Even in the face of seeming despair of high gas prices, a looming debt crisis and the ongoing Great Recession, a good number of young folks in Arkansas are just as motivated and positive as ever about the future.
Rick Crawford, whose personal financial disrepair was an issue in his election as Republican congressman from the 1st District, is a professed spending hawk. But according to a new report by the transparency website Legistorm, Rep. Crawford's words don't match his actions.
As golden jubilees go, the gathering of the '60s Freedom Riders and lunch-counter demonstrators over the weekend was unexceptional: the usual hugs, mutual compliments, nostalgia and jokes about the ravages of age.
It won't end the criticism for his recent unsympathetic remarks to a gay political organization, but Gov. Mike Beebe has at least declined to attend or endorse Texas Gov. Rick Perry's gay-bashing extravaganza, scheduled for Houston next month.
After years of unprincipled money-grubbing, of banishing truth from his media outlets, of turning good newspapers into bad ones and making bad ones worse, what could Rupert Murdoch do that would lower him even further in the estimation of his fellow man? Now we know.
The Get Motivated! Business Seminar, featuring Laura Bush, Bill Cosby, Rudy Giuliani, Lou Holtz, Colin Powell and other muckety-mucks is coming to Verizon Arena on Aug. 30, and it's only $1.95 per person or $9.95 for an entire office. That's a steal, right?
Although the federal courthouse at Little Rock has been expanded and renovated in recent years, at considerable expense, Judge Morris S. Arnold of the 8th Circuit Court of Appeals continues to rent space in a private office building. Public money pays the rent.
A new report on the amount of revenue the Arkansas Scholarship Lottery will be able to pass on to Arkansas college students this year finds the final tally is near $4 million dollars less than the revenue projection made by lottery director Ernie Passailaigue in late June on the day of the end of the lottery's fiscal year.
The former Harvest Foods building in the Riverdale shopping center will be branded as a Walmart Neighborhood Market, but will be more than 50 percent larger than the usual 40,000-square-foot model. It will have some 20,000 square feet of general merchandise, sort of a mini-Supercenter.
It was a good week for: the state budget, the University of Arkansas System, bikers and hikers, the UA Athletic Department and Joe Black. It was a bad week for transparency in the Arkansas Legislature.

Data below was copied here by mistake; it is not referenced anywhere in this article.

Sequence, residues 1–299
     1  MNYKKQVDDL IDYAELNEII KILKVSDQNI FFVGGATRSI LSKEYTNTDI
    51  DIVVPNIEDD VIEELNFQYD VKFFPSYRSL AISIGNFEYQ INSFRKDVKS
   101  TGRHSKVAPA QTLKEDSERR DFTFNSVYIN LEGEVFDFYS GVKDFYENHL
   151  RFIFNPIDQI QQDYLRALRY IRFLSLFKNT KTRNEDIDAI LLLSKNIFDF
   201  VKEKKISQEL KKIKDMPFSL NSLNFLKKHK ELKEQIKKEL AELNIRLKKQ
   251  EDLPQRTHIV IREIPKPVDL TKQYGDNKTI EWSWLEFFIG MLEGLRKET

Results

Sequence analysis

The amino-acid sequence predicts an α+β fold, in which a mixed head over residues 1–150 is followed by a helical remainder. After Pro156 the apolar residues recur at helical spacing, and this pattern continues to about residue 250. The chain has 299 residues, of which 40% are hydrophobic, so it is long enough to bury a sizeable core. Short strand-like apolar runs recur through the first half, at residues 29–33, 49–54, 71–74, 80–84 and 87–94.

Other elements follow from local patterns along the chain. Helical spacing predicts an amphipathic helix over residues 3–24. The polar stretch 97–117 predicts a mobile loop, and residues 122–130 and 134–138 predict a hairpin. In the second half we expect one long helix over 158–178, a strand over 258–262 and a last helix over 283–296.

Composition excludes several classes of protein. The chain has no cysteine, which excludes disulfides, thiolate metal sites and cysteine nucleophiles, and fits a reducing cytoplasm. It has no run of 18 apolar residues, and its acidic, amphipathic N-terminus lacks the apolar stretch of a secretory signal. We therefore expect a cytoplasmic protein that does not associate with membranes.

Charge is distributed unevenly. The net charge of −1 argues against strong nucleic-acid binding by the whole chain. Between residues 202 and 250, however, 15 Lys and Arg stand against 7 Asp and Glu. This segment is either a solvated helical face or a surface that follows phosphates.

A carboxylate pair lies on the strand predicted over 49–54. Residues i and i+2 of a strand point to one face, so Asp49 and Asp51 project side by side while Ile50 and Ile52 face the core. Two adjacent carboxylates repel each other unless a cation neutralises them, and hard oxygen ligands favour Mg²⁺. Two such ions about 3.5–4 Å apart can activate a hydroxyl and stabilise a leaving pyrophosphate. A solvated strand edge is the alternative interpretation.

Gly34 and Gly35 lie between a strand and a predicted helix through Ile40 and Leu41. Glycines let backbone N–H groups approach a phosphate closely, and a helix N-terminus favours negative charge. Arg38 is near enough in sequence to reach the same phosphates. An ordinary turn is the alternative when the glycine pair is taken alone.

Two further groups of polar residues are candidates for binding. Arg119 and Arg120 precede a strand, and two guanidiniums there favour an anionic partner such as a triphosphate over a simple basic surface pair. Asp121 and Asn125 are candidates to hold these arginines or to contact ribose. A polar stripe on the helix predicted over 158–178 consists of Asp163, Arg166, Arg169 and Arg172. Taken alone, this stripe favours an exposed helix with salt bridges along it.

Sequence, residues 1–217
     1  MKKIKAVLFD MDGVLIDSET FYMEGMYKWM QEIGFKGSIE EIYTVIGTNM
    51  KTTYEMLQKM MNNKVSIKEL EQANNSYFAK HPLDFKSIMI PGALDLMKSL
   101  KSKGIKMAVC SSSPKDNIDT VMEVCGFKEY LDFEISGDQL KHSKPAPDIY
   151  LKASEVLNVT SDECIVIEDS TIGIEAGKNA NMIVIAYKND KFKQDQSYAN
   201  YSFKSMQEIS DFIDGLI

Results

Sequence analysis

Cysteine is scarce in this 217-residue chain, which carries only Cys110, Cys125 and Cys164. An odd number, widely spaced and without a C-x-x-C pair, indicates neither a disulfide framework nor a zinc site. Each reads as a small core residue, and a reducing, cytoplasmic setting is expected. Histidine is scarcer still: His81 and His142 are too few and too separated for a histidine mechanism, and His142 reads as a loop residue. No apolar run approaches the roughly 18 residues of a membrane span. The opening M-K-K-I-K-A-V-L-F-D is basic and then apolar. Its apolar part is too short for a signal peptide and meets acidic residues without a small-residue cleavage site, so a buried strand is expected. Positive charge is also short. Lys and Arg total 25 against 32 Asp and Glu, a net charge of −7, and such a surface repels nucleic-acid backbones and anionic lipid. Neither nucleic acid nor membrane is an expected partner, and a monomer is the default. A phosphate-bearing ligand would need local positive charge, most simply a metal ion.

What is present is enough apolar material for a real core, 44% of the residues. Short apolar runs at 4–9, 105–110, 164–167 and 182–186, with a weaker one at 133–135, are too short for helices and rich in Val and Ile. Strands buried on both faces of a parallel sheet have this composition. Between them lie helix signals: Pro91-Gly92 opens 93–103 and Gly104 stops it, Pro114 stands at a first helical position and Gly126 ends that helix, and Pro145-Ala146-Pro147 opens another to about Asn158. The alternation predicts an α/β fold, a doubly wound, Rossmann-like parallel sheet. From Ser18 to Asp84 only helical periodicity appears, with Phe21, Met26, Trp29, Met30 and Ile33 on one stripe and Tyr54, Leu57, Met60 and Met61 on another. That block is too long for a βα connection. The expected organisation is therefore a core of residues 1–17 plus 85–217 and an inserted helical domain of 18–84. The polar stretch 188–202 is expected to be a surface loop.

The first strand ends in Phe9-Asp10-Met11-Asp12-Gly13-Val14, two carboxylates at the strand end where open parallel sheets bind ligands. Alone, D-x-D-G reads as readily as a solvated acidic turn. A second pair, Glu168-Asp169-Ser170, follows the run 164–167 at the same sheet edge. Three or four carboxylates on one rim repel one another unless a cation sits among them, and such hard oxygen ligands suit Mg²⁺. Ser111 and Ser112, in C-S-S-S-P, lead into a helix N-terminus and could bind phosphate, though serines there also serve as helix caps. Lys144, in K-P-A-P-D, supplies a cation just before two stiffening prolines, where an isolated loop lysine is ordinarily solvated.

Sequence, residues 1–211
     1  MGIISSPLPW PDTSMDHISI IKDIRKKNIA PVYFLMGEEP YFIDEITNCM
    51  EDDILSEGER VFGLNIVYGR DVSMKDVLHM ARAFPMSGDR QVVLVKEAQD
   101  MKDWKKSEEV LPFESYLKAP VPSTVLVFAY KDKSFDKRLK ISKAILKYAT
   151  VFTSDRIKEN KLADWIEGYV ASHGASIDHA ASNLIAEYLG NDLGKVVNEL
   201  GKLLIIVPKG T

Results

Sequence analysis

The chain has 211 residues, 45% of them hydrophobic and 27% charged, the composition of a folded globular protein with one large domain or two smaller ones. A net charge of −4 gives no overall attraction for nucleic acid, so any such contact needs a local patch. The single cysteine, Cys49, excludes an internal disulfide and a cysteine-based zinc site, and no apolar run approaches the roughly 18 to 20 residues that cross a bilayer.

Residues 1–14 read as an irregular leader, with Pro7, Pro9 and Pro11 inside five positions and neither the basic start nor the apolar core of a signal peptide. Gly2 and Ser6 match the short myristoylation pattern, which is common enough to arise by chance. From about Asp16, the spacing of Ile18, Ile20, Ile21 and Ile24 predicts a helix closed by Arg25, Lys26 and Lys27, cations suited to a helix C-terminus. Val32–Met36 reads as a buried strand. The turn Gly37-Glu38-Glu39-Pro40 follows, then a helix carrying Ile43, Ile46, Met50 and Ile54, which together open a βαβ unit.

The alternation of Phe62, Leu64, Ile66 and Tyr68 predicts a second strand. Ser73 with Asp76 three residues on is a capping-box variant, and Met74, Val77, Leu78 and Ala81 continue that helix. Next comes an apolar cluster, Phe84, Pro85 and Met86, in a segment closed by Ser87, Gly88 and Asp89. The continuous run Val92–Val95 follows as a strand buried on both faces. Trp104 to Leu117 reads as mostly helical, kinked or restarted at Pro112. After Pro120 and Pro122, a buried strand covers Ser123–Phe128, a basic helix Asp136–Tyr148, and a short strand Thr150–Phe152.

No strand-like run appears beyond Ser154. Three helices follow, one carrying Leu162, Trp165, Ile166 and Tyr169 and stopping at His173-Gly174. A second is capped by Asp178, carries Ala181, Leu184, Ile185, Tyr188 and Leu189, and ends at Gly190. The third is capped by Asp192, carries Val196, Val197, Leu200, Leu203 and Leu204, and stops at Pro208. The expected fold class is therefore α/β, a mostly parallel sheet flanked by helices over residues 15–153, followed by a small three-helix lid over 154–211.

A group called Conservative Arkansas announces a new website delving into a worthy subject — the practice of nearly all state legislators to enhance their pay by nakedly unconstitutional payments masked (poorly) as expense reimbursements.
At this morning's meeting of the Arkansas Lottery Commission, Ernie Passailaigue said the news that the lottery would only be able to pass on $94.2 million — instead of his earlier projection of $98 million — to the Arkansas Department of Higher Education came as a surprise to him, even though he'd publicly quoted the $98 million figure as late as June 30 (which is the last day of the Lottery's fiscal year).
Given the blizzard of Republican Party and aligned media noise about this race, you can understand the Democratic Party's desire to gloat a bit with the statement on the jump on Hudson Halllum's victory in the special state House race from Crittenden County.
The University of Arkansas Board of Trustees will interview two candidates today for president of the UA System — John Churchill, who heads the Phi Beta Kappa Society, and Donald Bobbitt, provost of the University of Texas at Arlington.
Thanks to a tipster for a newly released Legislative Audit report on the Highway and Transportation Department.In brief: The auditors will refer to the Pulaski prosecuting attorney their finding that employees in the department's legal division, headed by Robert Wilson, have been improperly getting a half-day off, with pay, every three weeks, and an additional two hours paid time off (it's not clear if this is every three weeks or more or less frequently) for doctors appointments and "personal errands."
How often do you get cracked up by a restaurant? I mean, seriously laughing hard for a good reason or two? I have to say, I was more amused by Herman’s Ribhouse in Fayetteville than I have been by any restaurant in a long time. The fact they put out a damn good burger just enhances the restaurant’s esteem with me.
As I suggested the other day, a lot of people though Attorney General Dustin McDaniel had big-footed the State Police awards lunch the other day — some nonentity named Mike Beebe was the speaker — by insisting on airing a video of McDaniel, then in Hawaii, announcing that he was directing $700,000 from settlement of a lawsuit with drug companies to build a State Police classroom building at its shooting range in Wrightsville.